Warrior Prophets 2 Chapter 17 – Council of Shilo

Warrior Prophets 2 Chapter 17

Council of Shilo

“You have to see those Phoenician dancers,” Kaspa of Zevulun addressed the other princes of Israel sitting bundled in front of the Tabernacle at Shilo. “The way they move will drive you mad.”

“Isn’t their dance part of their worship?” asked Avod of Simeon, as the autumn wind rustled the leaves of the large oak trees behind them.

“Who cares about their worship,” Kaspa answered as he drew his rich burgundy robe tighter. “We have learned to adjust to the rituals of all who we deal with. Why, I can tell you the genealogy, powers and sacrifices for at least a dozen different gods. As merchants we need to keep abreast of all developments. There is a wonderful tale now being told about the gods and King Gilgamesh of Uruk.”

“Enough!” Pinhas, the High Priest shouted. “Have you so descended into the heathen ways that all you can talk about is their worship?”

“I’m sorry, Pinhas,” Kaspa said. “I was just making conversation as we wait for the mysterious Ehud to appear. Everyone else is here.”

The twelve princes of Israel sat together with Pinhas in a circle. The princes were accompanied by their tribal elders, and behind them sat the captains of their forces. On the cloudless morning, they still felt the strong eastern breeze, with no trace of salt from the Great Sea miles away. The naked grapevines whistled a mournful tune as the wind caressed the bare wood and traveled through the thick brush behind it.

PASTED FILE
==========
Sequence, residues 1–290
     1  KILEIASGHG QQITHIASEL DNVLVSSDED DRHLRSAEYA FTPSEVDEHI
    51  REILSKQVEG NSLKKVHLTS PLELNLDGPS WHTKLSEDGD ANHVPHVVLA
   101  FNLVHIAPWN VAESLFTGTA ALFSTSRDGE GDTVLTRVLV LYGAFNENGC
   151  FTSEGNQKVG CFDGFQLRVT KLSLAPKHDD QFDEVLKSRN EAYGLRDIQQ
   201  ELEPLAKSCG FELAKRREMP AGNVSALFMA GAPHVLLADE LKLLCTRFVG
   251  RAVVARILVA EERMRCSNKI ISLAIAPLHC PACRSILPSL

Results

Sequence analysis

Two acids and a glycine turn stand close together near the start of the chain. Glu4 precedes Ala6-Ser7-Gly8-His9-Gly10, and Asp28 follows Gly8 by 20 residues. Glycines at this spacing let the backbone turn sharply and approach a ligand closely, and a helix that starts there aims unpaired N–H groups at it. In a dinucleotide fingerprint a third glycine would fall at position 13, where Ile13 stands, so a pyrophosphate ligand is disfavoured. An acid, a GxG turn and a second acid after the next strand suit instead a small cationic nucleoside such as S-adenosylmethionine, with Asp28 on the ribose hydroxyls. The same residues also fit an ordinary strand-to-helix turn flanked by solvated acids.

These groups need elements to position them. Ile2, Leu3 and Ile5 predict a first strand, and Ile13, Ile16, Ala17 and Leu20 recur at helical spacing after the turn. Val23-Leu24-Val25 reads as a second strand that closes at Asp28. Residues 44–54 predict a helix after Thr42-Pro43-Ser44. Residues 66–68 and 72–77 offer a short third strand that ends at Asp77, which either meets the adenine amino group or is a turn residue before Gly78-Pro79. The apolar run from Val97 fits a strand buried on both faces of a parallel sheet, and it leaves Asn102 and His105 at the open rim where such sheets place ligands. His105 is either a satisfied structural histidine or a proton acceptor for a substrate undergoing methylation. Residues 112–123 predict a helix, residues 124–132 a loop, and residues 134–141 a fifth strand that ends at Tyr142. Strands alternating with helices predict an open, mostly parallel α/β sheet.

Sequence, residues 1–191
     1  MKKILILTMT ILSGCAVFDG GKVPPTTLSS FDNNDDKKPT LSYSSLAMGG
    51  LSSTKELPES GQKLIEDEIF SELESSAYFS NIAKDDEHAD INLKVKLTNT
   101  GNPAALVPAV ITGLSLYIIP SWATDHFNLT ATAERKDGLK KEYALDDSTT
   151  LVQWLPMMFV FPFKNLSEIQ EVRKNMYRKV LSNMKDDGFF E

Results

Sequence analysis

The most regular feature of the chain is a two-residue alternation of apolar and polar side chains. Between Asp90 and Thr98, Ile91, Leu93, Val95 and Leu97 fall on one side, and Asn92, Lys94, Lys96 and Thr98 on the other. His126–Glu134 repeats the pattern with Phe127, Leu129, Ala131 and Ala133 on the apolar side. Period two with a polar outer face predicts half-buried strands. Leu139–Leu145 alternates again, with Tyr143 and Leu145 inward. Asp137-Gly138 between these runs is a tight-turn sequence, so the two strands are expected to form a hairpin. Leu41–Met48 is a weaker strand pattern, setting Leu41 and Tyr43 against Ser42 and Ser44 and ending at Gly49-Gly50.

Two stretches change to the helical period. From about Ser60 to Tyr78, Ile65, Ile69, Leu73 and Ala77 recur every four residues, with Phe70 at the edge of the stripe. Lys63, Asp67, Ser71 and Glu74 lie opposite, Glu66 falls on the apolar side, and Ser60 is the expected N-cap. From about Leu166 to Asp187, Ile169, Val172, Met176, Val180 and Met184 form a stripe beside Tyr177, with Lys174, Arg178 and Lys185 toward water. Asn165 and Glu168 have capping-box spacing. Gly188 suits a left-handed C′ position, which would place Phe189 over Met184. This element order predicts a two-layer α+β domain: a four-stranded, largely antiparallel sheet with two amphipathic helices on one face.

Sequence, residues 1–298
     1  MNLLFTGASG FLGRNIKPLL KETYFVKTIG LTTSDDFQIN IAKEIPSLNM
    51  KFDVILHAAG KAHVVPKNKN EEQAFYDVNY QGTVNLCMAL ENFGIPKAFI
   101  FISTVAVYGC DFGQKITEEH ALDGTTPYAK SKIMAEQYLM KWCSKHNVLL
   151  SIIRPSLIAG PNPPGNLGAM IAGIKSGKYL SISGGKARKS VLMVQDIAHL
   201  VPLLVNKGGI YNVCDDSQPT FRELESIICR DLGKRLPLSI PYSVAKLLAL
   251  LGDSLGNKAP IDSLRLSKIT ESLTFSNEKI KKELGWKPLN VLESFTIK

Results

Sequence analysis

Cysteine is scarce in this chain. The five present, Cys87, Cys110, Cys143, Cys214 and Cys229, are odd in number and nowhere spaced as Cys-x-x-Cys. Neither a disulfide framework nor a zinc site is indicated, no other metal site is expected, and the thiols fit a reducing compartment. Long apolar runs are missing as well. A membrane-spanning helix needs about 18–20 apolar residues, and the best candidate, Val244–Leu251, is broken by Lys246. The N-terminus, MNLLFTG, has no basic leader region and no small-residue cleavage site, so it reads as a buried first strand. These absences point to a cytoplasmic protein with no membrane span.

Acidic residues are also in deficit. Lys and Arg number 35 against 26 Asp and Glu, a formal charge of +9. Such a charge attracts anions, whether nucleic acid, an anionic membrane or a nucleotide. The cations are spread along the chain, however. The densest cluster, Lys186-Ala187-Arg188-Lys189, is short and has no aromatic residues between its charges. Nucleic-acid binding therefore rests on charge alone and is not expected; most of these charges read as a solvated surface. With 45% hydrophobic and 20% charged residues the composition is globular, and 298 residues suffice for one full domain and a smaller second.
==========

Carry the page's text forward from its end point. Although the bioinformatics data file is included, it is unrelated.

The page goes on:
“I would have expected Ehud to be the first one here,” Avod said. “He was the one who issued the summons.”

“Summons?” Kaspa said. “It was worded more like a command to accept Eglon’s subjugation and I can tell you already that the tribe of Zevulun will not accede to this request.”

“It is easy for you to say,” Avod replied. “It is the southern tribes that will bear the brunt of any fighting, while you merchants go gallivanting away on your ships. You’re just worried that Eglon will cut into your profits.”

“Yes. I am concerned for our profits. Our trade has been successful and if we let ourselves be subjugated by Eglon, then what? I say we fight!”

“And I say the cause is lost and subjugation is not so bad,” Avod replied. “Our brothers to the east, Reuven and Gad are already under Eglon’s dominion and they are unharmed. The cities of Benjamin are all but annihilated and Judah is about to fall. We of Simeon are next on Eglon’s menu. Eglon has promised to then bear his army upon the rest of Israel. Ephraim shall be after us and then Menashe. Do you think the rest of you will be spared?”

“What does Elimelech of Judah say?” Kaspa asked the red-headed prince. “You have ever been at the head of all fighting and your tribe is suffering the most now, yet you are strangely quiet.”

All eyes looked upon the seated prince. Elimelech looked pained as he cleared his throat.